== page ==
Members are encouraged to submit records of the birds they have seen on a monthly basis to the BOS Bird Recorder. The BOS has been recording sightings since 1952, with all records from 1982 being recorded on a database. The BOS uses the database for its own research and for assisting with local planning. We also forward the data to the county recorders and to the BTO.

We ask members to submit records electronically using a specially formatted Microsoft Excel spreadsheet which lists all of the fields to be recorded.

Records must only be submitted for the area around Banbury that is covered by the BOS. This is a set of twelve 10km squares, as shown in this map - BOS area map.

To understand which species records the BOS asks for and the specific details, please read The BOS Guide to Observers (updated July 2017). This document contains a list of all of the species from the Systematic List and when to submit records for each species.

If you feel you would like more information on record submission or would like to learn a bit more about the species and habitats in the square in which you live, or regularly visit, please do not hesitate to contact a member of the Committee who will provide you with the appropriate contact information.

A detailed guide is supplied which explains how to use the Microsoft Excel workbook to record your sightings - Guide for Entering Records.

Records are entered into the Excel workbook and then emailed to the BOS Bird Recorder at the end of every month.

The Excel workbook is supplied below in two versions:

1.  “BOS Records Input 2017 v2” – for Microsoft Excel 2007 or later

2.  “BOS Records Input 2017 v2 for Excel 2003” – for Microsoft Excel 2003 or earlier

If you submit a record for a bird listed as A* or A**, then you must also submit a completed Species Acceptance Form, otherwise the Committee reserve the right to reject your record. Use this Microsoft Word form:    “Species Acceptance Form”.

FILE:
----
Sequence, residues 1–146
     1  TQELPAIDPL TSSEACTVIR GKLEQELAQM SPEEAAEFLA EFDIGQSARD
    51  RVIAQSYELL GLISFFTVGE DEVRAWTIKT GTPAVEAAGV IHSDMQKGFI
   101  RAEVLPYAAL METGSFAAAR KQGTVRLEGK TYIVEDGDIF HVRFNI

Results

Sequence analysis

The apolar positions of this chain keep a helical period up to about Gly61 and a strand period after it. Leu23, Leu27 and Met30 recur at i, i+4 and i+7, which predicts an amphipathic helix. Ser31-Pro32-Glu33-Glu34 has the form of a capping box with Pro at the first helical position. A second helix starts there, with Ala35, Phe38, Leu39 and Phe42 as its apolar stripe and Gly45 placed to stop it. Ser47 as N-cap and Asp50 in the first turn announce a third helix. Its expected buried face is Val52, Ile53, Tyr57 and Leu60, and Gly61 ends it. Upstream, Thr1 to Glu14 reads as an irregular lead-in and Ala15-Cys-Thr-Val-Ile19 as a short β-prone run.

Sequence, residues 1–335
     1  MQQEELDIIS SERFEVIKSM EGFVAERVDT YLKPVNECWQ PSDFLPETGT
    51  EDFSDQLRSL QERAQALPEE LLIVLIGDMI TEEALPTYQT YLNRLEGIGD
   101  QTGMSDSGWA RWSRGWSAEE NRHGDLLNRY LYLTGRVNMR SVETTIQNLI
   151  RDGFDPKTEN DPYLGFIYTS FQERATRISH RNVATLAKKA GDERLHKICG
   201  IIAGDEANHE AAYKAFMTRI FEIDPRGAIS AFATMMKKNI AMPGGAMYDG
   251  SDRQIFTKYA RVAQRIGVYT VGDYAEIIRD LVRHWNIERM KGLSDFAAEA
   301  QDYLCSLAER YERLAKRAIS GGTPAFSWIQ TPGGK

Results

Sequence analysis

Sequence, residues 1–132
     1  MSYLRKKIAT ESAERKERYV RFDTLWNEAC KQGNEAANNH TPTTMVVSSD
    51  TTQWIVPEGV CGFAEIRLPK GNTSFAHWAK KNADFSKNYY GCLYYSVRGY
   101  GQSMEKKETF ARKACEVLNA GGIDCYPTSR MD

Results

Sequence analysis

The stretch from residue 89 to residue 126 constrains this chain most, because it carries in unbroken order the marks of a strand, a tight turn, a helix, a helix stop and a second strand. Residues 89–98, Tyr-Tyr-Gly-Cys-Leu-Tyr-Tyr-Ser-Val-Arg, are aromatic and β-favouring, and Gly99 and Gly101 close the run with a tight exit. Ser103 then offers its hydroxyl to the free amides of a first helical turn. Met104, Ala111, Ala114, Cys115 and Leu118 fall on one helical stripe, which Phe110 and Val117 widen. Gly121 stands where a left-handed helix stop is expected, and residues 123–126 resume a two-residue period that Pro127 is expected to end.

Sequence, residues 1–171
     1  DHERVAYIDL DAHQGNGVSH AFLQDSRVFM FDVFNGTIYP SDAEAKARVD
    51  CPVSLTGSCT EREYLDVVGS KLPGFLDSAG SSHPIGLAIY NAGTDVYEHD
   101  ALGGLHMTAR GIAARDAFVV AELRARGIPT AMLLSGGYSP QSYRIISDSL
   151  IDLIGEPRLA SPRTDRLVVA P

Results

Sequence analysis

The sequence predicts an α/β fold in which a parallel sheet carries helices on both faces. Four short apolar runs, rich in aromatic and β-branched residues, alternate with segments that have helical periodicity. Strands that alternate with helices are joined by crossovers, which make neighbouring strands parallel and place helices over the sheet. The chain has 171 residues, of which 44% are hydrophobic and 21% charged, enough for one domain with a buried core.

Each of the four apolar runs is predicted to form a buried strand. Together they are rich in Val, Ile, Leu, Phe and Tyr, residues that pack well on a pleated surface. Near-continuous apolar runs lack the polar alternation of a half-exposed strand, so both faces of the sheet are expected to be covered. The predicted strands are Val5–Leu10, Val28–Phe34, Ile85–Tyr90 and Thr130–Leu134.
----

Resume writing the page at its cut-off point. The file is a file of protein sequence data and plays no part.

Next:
There are two maps which will help you locate the places where you found your birds and also where the BOS recommended sites are located:

A) “BOS Area with Parishes” – a PDF document with a detailed map of the BOS area along with the names and boundaries of all of the parishes.

B) “BOS Sites” – a PDF document with a detailed map of the BOS area showing the location of the sites mentioned in the Guide to Observers and within the Excel programs. Note that the sites are only shown with a location accuracy of 1km – please speak to one of the BOS committee if you need to find out further details about the exact location. 

This may sound rather complicated, but you do not need to be an experienced bird watcher to start helping with this valuable work - it is fun learning new skills.  You will also have the satisfaction of knowing that you will be directly contributing to our records which are used to support conservation initiatives as well as furthering information about the distribution and abundance of birds in the BOS area.  This, in turn, contributes to the national picture too.  

The Winter Random Sqaure Survery (WRSS) as established in 1975 as a means to record the status of common species which are otherwise overlooked by our monthly recording system.